Pro snowmobiler racer remains on NDSU academic track despite obstacles of the sport
FARGO—It was more than three years ago when a young freshman from Hutchinson, Minn., went to Shelly Swandal, his academic advisor, and told her he wanted to attend North Dakota State—all while continuing his professional snowmobile racing career.
It's not a combination you hear about every day.
But Blaine Stephenson was determined to not let racing interrupt his quest for a agriculture economics major and crop and wheat science minor. Not even a severe accident on the track got in the way.
Last week, with a May graduation in full sight, Stephenson gave Swandal, a student services and academic advisor in agribusiness and applied economics, a framed photo from the 55th annual World Championship Snowmobile Derby in Eagle River, Wis. It was an event that he unexpectedly won two weekends ago.
"I was pretty blown away by it," Swandal said.
Stephenson was blown away by his victory when, while riding no higher than fourth most of the way, he came from behind after a couple of sleds had faltered. At 21 years old, he was a world champ.
Making it more dramatic was the timing: This all came more than a year after Stephenson endured a head injury when he was thrown from his sled during a crash. It happened at a race in Ironwood, Mich., located in the Upper Peninsula just across the border from Wisconsin.
He was transported by helicopter to a hospital in Wausau, Wis., and then later by ambulance to the University of Minnesota Medical Center. Doctors addressed facial fractures by inserting three titanium plates around his eye all the while he was beginning to recover from bleeding on the brain.
Technically he suffered a traumatic brain injury, which Stephenson called one step worse than a concussion. He spent five days in the hospital.
Three weeks later, he was back in class at NDSU.
"All my professors were just awesome," Stephenson said. "They all helped me through it. Maybe I was a little bit behind to begin with but they were all helpful in letting me come back and that was huge in letting me graduate on time."
Swandal called it a joint effort by everybody involved. She remembers the accident being hard on Stephenson's memory for a bit and just the look of the injury to his face had her worried.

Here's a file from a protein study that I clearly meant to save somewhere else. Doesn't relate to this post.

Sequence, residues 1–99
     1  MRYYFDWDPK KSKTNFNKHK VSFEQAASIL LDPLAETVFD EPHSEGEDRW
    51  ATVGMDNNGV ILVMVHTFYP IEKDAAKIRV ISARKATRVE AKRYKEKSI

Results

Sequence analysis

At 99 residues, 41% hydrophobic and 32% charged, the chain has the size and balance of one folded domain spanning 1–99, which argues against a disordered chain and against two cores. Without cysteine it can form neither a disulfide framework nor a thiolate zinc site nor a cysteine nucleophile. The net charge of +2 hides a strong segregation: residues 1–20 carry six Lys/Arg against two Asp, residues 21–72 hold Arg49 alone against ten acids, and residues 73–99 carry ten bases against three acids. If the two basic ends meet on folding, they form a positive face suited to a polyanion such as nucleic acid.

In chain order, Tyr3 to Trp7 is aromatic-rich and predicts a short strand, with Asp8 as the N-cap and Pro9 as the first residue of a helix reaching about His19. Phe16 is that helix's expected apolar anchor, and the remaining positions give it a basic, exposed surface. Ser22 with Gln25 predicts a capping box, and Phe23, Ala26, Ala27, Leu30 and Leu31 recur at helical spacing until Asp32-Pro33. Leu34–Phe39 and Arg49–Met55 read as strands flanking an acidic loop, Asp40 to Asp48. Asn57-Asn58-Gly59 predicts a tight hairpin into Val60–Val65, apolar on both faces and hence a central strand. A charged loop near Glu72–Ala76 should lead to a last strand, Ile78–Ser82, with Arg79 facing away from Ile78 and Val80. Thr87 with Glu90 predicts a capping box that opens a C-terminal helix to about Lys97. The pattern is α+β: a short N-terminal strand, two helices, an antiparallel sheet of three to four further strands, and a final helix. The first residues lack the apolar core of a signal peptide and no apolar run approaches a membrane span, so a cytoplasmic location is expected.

"But he was determined, determined to not let this interrupt his schooling," she said.
Getting back into the racing game, however, didn't happen as fast as his return to school. It wasn't until April 1, 2017, when Stephenson sat down with his parents, Chris and Andrea Stephenson, and his girlfriend, Alexis Kerslake.
Stephenson's parents are a major part of his racing team and it took the family longer to warm to the idea of racing again than it took him.
"Putting your family through that kind of an emotional event is not fun," he said. "I didn't realize that for a while, so I had to cool my ego, take a step back and look at it."
The return to racing didn't come without a few promises, Stephenson said. For instance, the racing team put more of an emphasis on safety testing.
Moreover, Stephenson spent a lot of time on the on his mountain bike riding the trails along the Red River to get into better physical shape.
Reaction time and fitness are paramount in a sport where the sleds travel between 85 and 100 mph, depending on the track. The reward came last week with the World Championship title.
Two days later, he was back in school. Most of his classmates probably have no idea of his weekend hobby. He often leaves Thursday night for an event and returns Sunday. It's not something that can be a full-time job, either.
"I don't think anybody quite understands it but that's OK, I don't expect anybody to,"
But understand this: The Bison football players aren't the only ones walking around campus with a major championship this month.